Discussion in 'Fashion... In Depth' started by Erin, Nov 10, 2004.
^^ they look beautiful!
Wanted to post another brand: www.thelivingplanet.net. (Note site works with Internet Explorer but would not play nice with my Firefox at all).
I purchased a shirt from this brand at a brick and mortar store and am impressed by the stitching and quality of the fabric. Enjoy.
Article published in the NY Times today about the environmenntal hazards of fast fashion:
extracts from a new article on organic textiles
Extra amazing, eh? I take it Mari wasn't an English major.:lol:
just a heads up, the newest issue of american ELLE magazine is their GREEN issue and i think it's the best one they have put out thus far. lot's of articles on organic clothing, and overall some of the best $$ i've thrown away on a magazine in years.......
Hey, not everyone can be so lucky
slightly extra off topic-ish here, arent we dear?
I think the eco-friendly, fair trade "trend" has become a passion for some designers now.
Eco-friendly seems to be the latest buzz word, but it is not safe to assume the term includes 'fair trade'. Here are a few things I noticed today while I was researching this issue.
Recycled glass / harrison-design.com
Denim trench / annacohen.com
Hemp and silk trousers / annacohen.com
In addition to the designers noted above, here are a few more new and not so new designers to check out for their latest efforts in eco-friendly design.
In comparison to the products that were available even one year ago, it seems that the designs are now expanding beyond the grassroots, hippie arena.
ethical consuming article published by the Observer
link to the full the observer article
^ Soooooooo sad
Exactly why it makes me so angry when people buy cheap crap at Wal-mart & the like & then toss it on the trash heap a few months--or weeks or days--later. Not only is it bad for the planet, but the present human cost is so tragic as well ...
i wrote a piece on nordic ethical designers for sterling magazine. a puff piece, mind you.
^ Puff piece? I think that's a fine article! :flower: I really hope that eco-conscious business becomes the norm instead of a fad.
The Wallpaper* Magazine Eco-Edit
I honestly would love to be able to be a more conscious consumer, since most companies use sweatshops. I automatically gain respect for a company/designer when I find out they don't use sweatshops to produce their clothes. Honestly, I'm very conflicted on the issue since I do feel guilty when I think about some kid making my clothes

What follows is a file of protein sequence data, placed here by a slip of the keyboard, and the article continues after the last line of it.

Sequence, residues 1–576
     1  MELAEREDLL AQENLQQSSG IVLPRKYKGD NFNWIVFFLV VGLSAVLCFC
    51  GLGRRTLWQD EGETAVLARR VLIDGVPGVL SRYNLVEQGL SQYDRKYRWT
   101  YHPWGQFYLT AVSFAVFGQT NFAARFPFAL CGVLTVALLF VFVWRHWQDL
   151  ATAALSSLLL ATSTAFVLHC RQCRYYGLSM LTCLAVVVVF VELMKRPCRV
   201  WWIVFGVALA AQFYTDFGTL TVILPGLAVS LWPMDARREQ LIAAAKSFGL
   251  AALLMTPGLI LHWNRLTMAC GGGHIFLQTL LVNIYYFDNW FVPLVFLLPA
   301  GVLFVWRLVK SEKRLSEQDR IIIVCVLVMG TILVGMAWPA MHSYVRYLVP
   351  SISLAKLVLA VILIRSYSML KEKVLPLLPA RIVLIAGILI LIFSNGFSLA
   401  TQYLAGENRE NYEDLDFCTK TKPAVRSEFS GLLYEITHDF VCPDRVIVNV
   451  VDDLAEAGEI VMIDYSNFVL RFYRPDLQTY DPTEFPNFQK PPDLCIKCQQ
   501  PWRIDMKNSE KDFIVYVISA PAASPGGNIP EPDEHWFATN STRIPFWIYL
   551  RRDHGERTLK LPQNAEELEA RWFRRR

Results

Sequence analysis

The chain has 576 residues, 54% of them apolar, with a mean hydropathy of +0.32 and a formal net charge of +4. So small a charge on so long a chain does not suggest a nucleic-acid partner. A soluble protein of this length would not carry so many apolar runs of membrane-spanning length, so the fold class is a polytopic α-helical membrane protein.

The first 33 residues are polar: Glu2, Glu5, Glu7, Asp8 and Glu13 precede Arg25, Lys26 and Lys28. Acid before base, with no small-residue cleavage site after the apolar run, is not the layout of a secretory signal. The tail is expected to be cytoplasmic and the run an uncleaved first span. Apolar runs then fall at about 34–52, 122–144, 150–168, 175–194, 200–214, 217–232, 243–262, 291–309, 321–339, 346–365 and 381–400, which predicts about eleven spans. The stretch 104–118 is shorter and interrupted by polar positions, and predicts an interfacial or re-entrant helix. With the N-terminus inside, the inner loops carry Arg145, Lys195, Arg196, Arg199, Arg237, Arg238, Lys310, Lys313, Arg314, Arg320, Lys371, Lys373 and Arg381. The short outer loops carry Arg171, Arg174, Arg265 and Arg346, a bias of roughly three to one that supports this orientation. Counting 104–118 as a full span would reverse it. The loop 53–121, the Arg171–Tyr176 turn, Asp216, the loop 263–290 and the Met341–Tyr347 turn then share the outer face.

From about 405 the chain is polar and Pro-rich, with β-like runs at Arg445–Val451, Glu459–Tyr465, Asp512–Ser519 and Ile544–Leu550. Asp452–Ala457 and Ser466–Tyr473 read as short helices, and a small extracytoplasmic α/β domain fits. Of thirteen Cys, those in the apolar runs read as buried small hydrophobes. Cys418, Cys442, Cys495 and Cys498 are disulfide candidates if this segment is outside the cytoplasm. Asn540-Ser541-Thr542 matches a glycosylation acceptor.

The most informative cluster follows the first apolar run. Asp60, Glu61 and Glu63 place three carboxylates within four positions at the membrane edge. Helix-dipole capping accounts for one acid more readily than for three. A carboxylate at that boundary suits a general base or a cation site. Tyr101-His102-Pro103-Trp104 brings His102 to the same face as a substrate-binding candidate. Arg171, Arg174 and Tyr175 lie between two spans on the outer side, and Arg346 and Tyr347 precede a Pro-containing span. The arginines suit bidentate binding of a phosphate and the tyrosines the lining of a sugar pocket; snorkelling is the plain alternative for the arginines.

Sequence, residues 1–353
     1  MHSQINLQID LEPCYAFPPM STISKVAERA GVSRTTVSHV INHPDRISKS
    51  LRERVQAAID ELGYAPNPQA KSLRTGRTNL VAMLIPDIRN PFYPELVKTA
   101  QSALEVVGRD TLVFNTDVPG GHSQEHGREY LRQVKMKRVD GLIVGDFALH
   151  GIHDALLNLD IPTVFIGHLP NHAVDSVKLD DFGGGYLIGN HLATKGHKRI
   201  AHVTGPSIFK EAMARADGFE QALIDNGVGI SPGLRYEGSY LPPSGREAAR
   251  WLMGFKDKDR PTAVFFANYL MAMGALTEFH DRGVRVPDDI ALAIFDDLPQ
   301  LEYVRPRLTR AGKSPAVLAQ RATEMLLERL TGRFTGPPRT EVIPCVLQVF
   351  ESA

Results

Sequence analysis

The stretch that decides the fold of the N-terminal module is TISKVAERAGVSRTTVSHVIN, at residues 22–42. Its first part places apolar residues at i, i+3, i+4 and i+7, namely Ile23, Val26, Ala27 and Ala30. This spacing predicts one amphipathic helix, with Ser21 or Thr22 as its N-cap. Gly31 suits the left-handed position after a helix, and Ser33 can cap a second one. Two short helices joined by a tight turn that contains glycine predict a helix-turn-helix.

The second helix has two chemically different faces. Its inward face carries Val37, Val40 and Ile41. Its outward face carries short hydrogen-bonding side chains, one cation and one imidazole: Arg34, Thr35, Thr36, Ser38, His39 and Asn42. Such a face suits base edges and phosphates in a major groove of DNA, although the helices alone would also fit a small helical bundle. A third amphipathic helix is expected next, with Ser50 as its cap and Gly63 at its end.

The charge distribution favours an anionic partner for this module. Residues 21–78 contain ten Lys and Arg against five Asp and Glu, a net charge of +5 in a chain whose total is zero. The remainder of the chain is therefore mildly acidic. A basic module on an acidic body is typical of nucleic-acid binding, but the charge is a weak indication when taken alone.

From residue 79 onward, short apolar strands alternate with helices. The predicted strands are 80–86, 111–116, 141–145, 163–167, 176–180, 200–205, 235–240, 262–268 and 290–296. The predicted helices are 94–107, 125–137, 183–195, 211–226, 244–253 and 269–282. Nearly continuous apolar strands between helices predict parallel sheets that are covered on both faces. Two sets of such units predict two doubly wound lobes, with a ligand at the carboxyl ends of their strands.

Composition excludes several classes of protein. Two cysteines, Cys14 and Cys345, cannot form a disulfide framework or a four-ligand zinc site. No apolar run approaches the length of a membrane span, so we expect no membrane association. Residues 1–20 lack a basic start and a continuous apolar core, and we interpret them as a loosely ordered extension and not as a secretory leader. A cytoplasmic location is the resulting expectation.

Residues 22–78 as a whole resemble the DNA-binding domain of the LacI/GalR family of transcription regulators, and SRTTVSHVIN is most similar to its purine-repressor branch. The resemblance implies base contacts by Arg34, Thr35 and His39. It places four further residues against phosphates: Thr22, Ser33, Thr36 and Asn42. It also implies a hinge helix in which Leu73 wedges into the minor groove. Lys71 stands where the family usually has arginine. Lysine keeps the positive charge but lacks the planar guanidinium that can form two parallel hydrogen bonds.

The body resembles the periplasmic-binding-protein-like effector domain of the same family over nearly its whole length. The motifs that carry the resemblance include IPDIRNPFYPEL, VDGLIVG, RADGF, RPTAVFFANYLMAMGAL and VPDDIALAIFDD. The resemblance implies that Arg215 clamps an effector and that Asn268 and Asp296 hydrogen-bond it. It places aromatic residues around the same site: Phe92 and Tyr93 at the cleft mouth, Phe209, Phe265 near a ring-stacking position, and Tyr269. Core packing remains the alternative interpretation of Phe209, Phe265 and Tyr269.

fads breed norms. i think it is part of the change.
I used to know where to go in the UK to buy my clothes but here in NZ I don't...we don't have as many of the major brands. Does anybody know about clothes in NZ selling eco and fair trade clothing?
Essay in the NY Times that I think raises an important point about the problem with using environmentalism as a marketing angle to sell more products:
^ There will always be those who are slow to act, unfortunately, and they always wait for someone to tell them what to do even though they know better.... sooner. The fact that celebrities get more attention for such serious issues as fair wage, fair trade and eco-friendly goods than the UN gets stuns me. But if that's what it takes for someone to take personal responsibility for ethical consumer choices, it's fine with me.
this is the most eco-friendly attitude anyone can actually follow
buy less, consume less, live responsibly
as for ethical/eco/green attitudes being used by marketing gurus, of course its nothing new and will continue as a trend
anything 'green/ethical/charity' sells much better than anything else.
two blade swords are so much in fashion...
thanks for the repost droogist